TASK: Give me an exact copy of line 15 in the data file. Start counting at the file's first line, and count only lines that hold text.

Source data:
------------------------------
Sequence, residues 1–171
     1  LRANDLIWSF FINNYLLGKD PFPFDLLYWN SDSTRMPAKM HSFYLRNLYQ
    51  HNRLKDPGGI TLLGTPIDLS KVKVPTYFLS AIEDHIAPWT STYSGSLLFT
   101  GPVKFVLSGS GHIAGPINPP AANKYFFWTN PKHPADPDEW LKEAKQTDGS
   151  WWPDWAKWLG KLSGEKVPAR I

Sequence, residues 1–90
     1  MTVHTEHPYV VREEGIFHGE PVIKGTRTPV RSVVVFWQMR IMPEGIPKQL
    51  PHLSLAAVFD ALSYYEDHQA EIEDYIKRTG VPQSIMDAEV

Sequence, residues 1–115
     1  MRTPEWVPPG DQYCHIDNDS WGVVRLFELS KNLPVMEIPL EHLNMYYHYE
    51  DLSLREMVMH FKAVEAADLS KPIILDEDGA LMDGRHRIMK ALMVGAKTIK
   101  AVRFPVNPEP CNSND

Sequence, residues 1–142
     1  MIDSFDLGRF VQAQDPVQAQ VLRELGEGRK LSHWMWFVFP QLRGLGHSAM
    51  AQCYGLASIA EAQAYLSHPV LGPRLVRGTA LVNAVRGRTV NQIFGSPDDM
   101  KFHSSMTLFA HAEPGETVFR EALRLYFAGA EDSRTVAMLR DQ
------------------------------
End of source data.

    51  AQCYGLASIA EAQAYLSHPV LGPRLVRGTA LVNAVRGRTV NQIFGSPDDM